The Jewish Labor Committee condemns such hate speech.

Please sign this petition to U.S. Congress to raise the minimum wage to $15 per hour

You’re invited to sign this petition, online here [along with some background]!

To: The United States House of Representatives and The United States Senate
From: [Your Name]

We call on Congress to raise the minimum wage to $15 per hour, linked to cost-of-living increases so that the lowest-paid among us are able to earn a living wage. And if Congress refuses, then we call on states and cities to raise their minimum wage. The current federal minimum wage is simply not enough. We have much work to do to ensure a fair and just society – and raising the federal minimum wage to make it a living wage is part of it.

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Bill Epstein (at right), long-time Philadelphia JLC Board member, along with representatives of the `Fight for $15' campaign to raise the hourly minimum wage in Philadelphia to $15. See more here.

Continue reading "Please sign this petition to U.S. Congress to raise the minimum wage to $15 per hour" »

Why the Fight for 15? Why JLC? Why Me?

By Martin Abramowitz * - (originally published in Jewish Boston, posted Aug. 21, 2015)


September 7, Labor Day, is the launch of the New England Jewish Labor Committee (JLC)’s campaign to mobilize support within the Jewish community for the Fight for 15, as part of the RaiseUp Massachusetts coalition. As a member of the Boston Jewish community, and as an activist with JLC New England, I support this call for a living wage for the working people of our state and across the nation, and ask for the support of others in the Jewish community.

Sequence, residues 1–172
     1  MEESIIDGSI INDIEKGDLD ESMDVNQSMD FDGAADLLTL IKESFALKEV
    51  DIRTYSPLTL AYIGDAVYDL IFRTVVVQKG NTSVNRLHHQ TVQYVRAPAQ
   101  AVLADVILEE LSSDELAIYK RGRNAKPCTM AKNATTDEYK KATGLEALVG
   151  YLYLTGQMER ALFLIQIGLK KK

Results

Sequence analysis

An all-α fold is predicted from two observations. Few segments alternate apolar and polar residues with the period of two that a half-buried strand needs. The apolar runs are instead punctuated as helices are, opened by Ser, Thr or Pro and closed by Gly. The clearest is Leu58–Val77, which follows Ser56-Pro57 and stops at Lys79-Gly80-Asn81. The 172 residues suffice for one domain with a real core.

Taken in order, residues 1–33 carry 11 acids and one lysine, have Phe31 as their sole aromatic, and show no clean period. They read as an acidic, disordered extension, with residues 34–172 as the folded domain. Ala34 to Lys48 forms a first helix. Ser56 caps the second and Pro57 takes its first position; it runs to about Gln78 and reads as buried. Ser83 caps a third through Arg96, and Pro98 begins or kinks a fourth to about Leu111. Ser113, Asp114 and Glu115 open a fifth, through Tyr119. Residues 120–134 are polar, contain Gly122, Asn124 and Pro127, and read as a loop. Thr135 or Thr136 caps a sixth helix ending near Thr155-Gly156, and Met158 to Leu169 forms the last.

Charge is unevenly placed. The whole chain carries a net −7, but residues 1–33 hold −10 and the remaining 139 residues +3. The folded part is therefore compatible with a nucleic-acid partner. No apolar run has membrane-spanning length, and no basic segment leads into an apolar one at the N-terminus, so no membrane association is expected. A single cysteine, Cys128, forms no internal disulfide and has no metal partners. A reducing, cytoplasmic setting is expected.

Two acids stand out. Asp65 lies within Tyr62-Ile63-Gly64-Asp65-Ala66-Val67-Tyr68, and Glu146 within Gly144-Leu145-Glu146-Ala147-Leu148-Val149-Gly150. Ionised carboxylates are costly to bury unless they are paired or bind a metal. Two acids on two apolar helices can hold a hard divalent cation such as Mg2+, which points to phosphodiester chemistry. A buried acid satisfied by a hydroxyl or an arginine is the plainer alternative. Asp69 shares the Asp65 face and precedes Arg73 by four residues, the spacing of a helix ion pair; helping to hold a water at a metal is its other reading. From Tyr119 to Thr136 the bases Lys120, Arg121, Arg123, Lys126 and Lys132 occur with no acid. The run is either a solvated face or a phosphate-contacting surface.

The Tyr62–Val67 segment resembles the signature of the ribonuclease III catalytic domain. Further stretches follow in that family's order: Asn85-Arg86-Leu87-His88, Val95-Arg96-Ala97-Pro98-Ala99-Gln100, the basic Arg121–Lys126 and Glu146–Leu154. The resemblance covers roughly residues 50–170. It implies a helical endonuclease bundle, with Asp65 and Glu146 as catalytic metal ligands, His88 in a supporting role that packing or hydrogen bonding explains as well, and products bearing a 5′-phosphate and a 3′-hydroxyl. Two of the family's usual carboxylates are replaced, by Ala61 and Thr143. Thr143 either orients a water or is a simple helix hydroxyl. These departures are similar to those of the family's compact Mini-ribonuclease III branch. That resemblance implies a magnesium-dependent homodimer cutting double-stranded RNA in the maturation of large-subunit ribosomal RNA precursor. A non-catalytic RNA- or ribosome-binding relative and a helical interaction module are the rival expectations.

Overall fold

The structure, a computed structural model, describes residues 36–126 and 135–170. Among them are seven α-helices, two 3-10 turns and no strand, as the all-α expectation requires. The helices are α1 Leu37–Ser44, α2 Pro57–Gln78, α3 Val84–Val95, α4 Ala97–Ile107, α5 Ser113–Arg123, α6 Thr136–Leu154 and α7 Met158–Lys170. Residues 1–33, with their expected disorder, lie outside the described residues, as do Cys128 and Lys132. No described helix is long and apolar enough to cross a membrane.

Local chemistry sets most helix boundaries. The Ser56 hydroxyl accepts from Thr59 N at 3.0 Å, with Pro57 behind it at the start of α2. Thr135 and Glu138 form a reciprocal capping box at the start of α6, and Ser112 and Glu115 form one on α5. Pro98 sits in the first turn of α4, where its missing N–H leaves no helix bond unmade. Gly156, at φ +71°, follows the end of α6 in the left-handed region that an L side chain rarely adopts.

So what brings a 75-year-old middle-class retiree from a professional career in the Jewish community to the JLC as a volunteer activist and modest financial supporter?

In part, I'm acknowledging my 1940's roots in working-class Jewish Brooklyn, where I was the child of a labor “intermarriage": Rose sewed labels on men's ties, which made her a member of the "Amalgamated" Clothing Workers Union of America, while Isidore cut patterns for women's dresses, as a charter member of the International Ladies Garment Workers Union. That Isidore, at age 18, had been on site at—and lived to testify about—the Triangle Shirtwaist Fire, further underscored my feeling of responsibility for the well-being of working people. I've always felt that I owe my very existence to the fact that my father survived this terrible industrial tragedy only by random luck. Working on the Fight for 15 campaign is therefore a way of honoring my parents’ memory.

Continue reading "Why the Fight for 15? Why JLC? Why Me? »

* Martin Abramowitz is the former VP for Planning with the CJP, Greater Boston’s Jewish Federation. Currently, he serves as a volunteer consultant to JLC New England Board and as the CEO of Jewish Major Leaguers, Inc.

This piece is the first in a JLC New England blog series From Passion to Action.

1936: Anti-Nazi World Labor Athletic Carnival Held in NYC

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(Jewish Labor Committee collection, Robert F. Wagner Labor Archives / Tamiment Library, New York University)